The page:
Dynamo Dresden - FC Schalke 04
Will be automatically interesting because of the die-hard supporters on both sides.

Bayern has to play at Preußen Münster, Dortmund at Stuttgarter Kickers.

As I am now in Berlin: Union Berlin, the best of all clubs here *g*, has to travel to the Schwäbische Alb to meet their new 2nd league colleagues of FC Heidenheim, there.

The mediocre Western club of Hertha BSC has almost a bye, meeting Viktoria Köln from the Regionalliga West (fourth tier)

The German champion of 1908 and 1911, Viktoria Berlin, has won last year's Berlin Cup and is also competing. They are now in the Regionalliga Nordost and get a visit from Eintracht Frankfurt.

20  Other Elections - Analysis and Discussion / International Elections / Re: Austrian Single Member Parliamentary Districts on: August 15, 2014, 03:22:28 am
Why would a small centrist party without much of a Hochburg (defined as places where they could actually win seats) want FPTP, anyway?
21  Other Elections - Analysis and Discussion / International Elections / Re: Turkish Presidential Election: August 10, 2014 on: August 14, 2014, 05:42:01 am
I don't know if there is really too much to discuss about the election itself. The geographic patterns, for instance, seem quite "normal" for the time after the rise of the AKP.

The further implications of it are, of course, interesting. Will AKP/Erdogan succeed to alter Turkey to a full presidential system of government? Are there any hindrances to the tendencies of authorianism and corruption we can see, especially in the last years?
Will the economic course of growth at all costs go on? How long can it go on?
When will there ever emerge an alternative to AKP other then petrified Kemalism? It actually has to happen at some point.

In a less general attempt: Is there something like an Erdogan-Gül-Showdown going on? German media imply that.
22  Other Elections - Analysis and Discussion / International Elections / Re: Austrian Elections & Politics (Next: Vorarlberg state election - Sept. 21) on: August 13, 2014, 07:55:55 am
That and the fact that people outside Austria have actually heard of Vienna. Probably most people from elsewhere in Europe think that Salzburg is Austria's second largest city...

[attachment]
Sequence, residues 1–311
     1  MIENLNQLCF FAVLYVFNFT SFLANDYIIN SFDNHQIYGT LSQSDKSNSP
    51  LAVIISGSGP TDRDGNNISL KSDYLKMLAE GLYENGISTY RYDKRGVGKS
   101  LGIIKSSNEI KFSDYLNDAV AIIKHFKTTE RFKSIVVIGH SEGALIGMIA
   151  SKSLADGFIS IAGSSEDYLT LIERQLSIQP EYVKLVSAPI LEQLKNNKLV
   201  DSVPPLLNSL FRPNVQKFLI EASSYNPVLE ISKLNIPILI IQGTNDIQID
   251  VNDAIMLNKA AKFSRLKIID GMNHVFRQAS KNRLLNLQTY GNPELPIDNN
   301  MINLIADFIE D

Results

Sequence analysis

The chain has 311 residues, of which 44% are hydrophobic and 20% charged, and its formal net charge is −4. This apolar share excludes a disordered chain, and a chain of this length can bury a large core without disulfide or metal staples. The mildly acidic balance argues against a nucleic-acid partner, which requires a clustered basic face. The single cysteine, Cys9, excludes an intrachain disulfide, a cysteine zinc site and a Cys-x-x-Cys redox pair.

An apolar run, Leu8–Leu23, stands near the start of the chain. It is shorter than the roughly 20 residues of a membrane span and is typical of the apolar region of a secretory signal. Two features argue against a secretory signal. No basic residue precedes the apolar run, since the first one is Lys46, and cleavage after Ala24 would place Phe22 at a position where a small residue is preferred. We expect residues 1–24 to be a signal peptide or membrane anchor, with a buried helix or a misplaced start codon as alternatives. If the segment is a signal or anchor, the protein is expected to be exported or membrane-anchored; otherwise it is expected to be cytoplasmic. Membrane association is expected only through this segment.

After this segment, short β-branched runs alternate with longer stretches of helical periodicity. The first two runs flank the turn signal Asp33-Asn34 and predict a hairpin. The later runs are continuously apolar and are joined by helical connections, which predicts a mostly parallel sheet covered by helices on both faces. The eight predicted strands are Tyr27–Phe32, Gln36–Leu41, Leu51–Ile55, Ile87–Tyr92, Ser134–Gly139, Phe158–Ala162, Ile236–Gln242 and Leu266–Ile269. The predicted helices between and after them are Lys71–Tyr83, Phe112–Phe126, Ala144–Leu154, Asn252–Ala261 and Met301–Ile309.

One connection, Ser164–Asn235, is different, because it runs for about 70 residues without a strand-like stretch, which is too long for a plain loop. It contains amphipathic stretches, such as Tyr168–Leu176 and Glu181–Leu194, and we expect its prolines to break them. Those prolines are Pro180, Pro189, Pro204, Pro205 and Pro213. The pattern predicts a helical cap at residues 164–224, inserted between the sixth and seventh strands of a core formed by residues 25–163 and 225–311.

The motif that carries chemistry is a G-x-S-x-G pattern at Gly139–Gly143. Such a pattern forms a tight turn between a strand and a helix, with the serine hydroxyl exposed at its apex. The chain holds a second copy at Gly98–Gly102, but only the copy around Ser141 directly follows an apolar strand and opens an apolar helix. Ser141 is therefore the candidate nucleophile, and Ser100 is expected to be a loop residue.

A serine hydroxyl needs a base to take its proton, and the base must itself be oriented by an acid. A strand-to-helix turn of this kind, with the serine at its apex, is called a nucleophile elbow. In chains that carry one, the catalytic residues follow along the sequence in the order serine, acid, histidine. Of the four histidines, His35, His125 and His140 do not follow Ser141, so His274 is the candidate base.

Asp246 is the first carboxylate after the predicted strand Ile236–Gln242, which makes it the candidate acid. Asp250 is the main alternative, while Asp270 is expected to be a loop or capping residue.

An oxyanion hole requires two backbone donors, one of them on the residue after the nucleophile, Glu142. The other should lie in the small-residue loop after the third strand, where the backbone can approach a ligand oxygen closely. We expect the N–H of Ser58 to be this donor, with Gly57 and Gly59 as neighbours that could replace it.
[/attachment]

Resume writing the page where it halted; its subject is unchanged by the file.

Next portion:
True. Most foreign people probably know Salzburg best, followed by Innsbruck (older people, because of the Olympics).

In fact, Graz is the 2nd largest city though. Linz is probably not well known either.
Linz is of course known for Ephraim Kishon's great satire short story about an overly eager local journalist doing an interview with him (well, the I-narrator, but still...). But maybe it is just me. ;-)
23  Forum Community / Off-topic Board / Re: Official 2014-15 Club Soccer/Football Discussion Thread on: July 30, 2014, 07:20:08 am
So I am routing for Baku here. The cans just shall vanish from football.
24  Forum Community / Off-topic Board / Re: AFA: American Football Association on: July 23, 2014, 04:01:16 am
I love, how the Milwaukee Badgers wear the new German national team skirts, but reverse home- and away-skirts. ;-)
25  Forum Community / Off-topic Board / Re: Opinion of "GauchoGate" (= German footballers dissing the Argentinian losers) on: July 19, 2014, 02:24:33 am
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Actually the most revealing thing about this non-scandal is that it shows that German footballers have enough knowledge of South American stereotypes to have some idea of what a 'Gaucho' is,
I think, it is more the other way around. In Germany, Gaucho is used as a nickname for the Argentinian football squad since Menschengedenken (since man can remember), and many people probably do not know where that comes from and that there are Gauchos outside of Argentina.